More importantly, teachers must believe that students of color can produce academic excellence. Poverty is a circumstance that can be better addressed with empathy and access to educational and economic opportunities. Teachers have to recognize that there is a fundamental difference between a handout and a hand up.

SELF Model

The Safety, Emotional Management, Loss, and Future (SELF) Model is a conceptual framework to address the critical learning and failure to thrive gaps that exist when students experience trauma, given the evidence that risk experiences accumulate to impact children's outcomes. Lydra Bills believe SELF, "is a conceptual tool that guides assessment, treatment planning, and multidisciplinary teamwork." SELF is not a staged treatment model, but, instead, it is a nonlinear method for addressing very complex challenges in simple words. It is not constrained by gender, age, race, religion, or ethnicity because the domains of healing that SELF represents are human universals, unbound to any time, place, or person. SELF is a compass through the land of recovery that can help guide individual treatment, staff decisions, team treatment planning, and schools. The Sanctuary model can be an effective way to introduce (MTSS) Multi-Tiered Systems of Support.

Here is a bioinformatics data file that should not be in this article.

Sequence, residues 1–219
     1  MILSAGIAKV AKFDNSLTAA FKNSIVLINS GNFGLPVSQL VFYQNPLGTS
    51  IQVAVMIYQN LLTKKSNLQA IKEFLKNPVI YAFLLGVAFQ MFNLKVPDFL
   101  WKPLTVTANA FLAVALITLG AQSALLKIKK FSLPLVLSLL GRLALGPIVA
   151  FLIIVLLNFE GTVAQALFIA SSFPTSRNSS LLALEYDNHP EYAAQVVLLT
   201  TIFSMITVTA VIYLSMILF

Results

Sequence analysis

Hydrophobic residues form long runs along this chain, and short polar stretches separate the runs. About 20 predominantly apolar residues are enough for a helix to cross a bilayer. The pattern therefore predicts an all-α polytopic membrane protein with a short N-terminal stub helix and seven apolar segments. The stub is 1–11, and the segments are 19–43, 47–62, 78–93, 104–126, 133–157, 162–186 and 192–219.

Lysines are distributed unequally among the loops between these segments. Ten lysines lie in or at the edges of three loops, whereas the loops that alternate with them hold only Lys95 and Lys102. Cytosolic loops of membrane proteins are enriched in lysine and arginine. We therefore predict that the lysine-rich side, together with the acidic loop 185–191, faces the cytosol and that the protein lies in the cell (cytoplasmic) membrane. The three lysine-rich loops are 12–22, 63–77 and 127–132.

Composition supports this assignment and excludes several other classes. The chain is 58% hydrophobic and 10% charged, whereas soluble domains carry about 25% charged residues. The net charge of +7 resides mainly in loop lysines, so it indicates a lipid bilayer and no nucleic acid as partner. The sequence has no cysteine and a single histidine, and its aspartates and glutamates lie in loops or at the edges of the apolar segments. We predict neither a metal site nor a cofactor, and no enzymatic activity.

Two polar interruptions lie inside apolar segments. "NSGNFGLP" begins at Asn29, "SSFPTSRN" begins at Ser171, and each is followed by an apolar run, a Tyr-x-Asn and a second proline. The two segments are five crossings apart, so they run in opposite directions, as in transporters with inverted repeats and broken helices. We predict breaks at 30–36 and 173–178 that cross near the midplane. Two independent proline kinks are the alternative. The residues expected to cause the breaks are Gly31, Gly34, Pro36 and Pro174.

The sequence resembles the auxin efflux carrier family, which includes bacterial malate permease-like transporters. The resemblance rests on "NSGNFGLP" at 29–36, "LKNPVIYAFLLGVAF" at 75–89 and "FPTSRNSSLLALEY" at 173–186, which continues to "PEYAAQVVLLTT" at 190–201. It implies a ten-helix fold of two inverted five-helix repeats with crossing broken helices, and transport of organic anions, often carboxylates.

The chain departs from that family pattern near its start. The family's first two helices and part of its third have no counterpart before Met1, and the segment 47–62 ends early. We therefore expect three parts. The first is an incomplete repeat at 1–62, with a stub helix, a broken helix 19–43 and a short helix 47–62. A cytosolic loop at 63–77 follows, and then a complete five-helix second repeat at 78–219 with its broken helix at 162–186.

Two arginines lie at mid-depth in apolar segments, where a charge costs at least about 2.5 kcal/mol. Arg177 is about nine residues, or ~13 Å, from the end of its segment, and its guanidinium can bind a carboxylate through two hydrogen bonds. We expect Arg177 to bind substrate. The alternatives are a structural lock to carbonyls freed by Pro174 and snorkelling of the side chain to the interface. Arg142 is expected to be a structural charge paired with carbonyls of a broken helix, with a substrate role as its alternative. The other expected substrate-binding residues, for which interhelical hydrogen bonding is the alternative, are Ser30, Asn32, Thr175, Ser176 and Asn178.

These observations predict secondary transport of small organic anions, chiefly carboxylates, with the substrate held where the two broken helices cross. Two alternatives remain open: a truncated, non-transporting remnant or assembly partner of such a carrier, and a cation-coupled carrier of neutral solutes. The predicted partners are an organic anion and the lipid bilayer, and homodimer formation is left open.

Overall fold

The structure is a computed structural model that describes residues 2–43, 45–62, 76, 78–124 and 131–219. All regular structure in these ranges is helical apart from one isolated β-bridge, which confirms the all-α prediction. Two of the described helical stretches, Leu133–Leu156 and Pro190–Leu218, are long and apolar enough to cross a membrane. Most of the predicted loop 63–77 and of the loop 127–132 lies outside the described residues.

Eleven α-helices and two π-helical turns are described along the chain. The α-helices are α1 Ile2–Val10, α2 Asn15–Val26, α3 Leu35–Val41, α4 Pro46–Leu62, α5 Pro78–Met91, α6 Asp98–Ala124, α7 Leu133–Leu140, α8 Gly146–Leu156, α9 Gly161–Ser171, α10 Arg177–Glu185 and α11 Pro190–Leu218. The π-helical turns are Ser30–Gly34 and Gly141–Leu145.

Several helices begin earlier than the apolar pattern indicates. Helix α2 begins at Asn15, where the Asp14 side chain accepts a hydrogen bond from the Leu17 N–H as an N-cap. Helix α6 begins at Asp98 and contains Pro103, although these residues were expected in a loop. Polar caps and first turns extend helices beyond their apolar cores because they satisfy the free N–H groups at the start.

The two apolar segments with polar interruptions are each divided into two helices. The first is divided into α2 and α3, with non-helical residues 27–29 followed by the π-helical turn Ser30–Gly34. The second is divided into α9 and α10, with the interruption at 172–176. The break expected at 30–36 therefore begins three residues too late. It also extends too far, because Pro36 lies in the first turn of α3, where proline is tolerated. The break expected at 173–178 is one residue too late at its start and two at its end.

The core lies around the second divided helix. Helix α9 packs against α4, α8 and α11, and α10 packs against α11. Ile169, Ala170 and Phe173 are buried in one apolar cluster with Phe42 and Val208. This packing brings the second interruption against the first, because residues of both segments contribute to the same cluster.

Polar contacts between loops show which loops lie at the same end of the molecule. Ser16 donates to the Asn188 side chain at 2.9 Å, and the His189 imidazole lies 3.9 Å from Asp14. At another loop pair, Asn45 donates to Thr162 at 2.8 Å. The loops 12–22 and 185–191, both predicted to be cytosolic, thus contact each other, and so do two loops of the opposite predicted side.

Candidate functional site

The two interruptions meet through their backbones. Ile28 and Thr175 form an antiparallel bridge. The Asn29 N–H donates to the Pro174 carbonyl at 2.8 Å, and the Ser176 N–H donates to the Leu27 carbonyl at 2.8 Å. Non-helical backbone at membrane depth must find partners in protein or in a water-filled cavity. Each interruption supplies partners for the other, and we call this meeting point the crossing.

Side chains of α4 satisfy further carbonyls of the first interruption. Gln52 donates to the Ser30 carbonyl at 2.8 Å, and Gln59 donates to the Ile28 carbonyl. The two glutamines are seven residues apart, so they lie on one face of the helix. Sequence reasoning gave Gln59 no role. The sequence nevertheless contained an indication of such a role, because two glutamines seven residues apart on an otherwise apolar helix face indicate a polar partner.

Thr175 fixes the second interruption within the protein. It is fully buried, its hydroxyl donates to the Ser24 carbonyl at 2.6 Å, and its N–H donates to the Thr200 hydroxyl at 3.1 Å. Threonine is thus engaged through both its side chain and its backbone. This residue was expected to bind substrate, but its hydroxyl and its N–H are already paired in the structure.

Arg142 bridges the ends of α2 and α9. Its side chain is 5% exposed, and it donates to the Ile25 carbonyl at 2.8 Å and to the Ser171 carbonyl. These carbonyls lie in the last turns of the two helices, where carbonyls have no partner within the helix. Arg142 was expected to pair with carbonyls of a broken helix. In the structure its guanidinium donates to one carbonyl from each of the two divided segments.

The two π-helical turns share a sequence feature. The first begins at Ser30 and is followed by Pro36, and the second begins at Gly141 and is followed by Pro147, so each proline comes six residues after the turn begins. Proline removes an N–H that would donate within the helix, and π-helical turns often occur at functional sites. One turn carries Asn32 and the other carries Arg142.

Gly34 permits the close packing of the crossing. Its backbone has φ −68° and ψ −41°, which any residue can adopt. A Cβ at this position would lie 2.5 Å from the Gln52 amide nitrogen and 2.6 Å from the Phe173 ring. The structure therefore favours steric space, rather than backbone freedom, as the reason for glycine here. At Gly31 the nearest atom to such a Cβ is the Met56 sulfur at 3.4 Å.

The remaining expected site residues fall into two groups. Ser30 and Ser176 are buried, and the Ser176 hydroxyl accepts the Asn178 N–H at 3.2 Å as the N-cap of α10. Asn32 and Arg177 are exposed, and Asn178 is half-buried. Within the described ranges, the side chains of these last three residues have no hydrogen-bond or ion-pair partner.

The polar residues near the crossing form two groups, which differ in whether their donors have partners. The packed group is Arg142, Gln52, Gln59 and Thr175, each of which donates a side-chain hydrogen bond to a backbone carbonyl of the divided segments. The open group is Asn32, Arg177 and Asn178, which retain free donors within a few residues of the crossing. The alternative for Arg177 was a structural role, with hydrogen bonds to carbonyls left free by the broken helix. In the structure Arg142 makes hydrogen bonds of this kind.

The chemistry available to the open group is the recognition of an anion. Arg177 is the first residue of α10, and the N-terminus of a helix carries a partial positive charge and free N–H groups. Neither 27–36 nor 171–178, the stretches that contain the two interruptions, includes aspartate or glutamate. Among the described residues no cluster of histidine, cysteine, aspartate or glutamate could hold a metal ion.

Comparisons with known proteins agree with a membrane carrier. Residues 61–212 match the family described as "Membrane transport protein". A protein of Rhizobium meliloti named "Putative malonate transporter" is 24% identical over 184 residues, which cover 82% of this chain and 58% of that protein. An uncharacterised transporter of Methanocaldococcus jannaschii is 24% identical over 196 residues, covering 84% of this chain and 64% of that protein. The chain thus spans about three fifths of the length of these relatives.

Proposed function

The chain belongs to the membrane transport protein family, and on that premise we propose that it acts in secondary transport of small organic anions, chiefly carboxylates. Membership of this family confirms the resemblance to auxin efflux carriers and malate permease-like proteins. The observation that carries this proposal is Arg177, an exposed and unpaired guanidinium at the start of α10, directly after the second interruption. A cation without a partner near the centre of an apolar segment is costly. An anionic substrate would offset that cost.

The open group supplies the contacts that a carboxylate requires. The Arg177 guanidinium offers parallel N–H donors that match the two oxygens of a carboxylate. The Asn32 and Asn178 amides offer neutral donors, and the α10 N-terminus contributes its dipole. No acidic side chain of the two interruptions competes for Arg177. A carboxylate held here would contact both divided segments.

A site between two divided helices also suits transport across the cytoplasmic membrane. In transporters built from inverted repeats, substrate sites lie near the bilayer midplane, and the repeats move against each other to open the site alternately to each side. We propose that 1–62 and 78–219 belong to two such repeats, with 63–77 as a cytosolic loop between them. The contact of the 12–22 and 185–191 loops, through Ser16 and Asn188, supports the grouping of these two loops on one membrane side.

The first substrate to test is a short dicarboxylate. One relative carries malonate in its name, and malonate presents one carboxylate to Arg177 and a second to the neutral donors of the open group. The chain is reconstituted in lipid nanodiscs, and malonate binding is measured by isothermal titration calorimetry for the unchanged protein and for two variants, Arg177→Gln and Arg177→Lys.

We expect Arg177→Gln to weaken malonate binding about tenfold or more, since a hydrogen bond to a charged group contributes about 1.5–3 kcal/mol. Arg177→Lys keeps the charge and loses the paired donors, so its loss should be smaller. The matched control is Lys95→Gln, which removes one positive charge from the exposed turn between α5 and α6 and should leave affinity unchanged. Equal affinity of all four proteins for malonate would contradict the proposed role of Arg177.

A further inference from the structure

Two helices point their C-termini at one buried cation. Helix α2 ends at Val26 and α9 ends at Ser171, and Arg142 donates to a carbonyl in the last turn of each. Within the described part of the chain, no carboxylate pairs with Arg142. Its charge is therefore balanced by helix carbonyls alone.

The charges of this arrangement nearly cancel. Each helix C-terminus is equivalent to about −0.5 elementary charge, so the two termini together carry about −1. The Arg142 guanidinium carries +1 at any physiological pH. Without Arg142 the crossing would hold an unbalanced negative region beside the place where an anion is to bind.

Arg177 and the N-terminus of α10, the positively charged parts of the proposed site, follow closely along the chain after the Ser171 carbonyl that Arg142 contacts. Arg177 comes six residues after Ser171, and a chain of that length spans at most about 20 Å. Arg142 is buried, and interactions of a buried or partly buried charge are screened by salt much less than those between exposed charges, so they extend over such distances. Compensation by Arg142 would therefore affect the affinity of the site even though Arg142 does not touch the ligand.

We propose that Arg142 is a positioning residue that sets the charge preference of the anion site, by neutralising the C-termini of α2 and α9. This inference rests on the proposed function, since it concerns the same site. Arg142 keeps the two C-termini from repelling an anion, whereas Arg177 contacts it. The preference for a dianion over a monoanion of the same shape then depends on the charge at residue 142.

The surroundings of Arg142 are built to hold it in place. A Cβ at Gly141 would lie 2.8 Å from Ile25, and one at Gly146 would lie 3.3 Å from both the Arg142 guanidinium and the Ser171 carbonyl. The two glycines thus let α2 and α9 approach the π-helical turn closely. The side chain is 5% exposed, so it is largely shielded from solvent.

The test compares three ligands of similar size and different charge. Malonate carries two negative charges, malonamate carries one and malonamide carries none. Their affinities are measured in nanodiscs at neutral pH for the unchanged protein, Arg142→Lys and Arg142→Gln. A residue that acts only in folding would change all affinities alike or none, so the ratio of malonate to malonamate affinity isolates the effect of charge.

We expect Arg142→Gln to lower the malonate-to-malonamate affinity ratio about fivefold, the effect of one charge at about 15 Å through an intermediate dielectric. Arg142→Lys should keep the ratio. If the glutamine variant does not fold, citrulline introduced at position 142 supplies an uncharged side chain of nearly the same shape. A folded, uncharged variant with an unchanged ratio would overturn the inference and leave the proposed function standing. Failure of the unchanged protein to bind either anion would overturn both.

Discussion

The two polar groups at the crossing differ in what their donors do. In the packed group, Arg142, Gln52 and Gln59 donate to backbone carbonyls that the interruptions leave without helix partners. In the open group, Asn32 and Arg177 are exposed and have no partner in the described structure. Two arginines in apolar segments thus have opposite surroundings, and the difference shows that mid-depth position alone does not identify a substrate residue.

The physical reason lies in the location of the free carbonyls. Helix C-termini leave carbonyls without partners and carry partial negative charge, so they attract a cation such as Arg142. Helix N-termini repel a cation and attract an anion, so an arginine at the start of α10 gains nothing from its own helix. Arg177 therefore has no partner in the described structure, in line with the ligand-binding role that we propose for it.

In fact, the SELF Model can assist communities in building trauma-informed cultures by establishing open communication, emphasizing social responsibility, and working toward culturally relevant learning. Resilience is endorsed by the positive psychology movement and is considered an essential prerequisite for personal emotional and psychological growth and general wellbeing. In 2017, Rigles explored resiliency and discovered that “resiliency can vary over time and depends on the circumstance and can decrease depending on the severity of the adverse experience and the cognitive ability of the child.” The variations that measure resilience are internal (e.g., intelligence, sociability, and flexibility) and external (positive parent-child relationships and social class). Becoming aware and informed about the factors allows a teacher to develop culturally empathic skills to address overwhelming experiences and understand the value of having a life-work balance.

Educators will need to be more included in the policy decisions that impact classrooms. Far too long have educators followed policy. It is time for policy to follow educators to place the necessary value on Social-Emotional Learning through a culturally intelligent lens and advocate for more support to educate children in ACEs aware, healing-informed environment so that students can thrive with excellence. Restarting schools will be complex and rigid, but humanizing coming back together can make all the difference.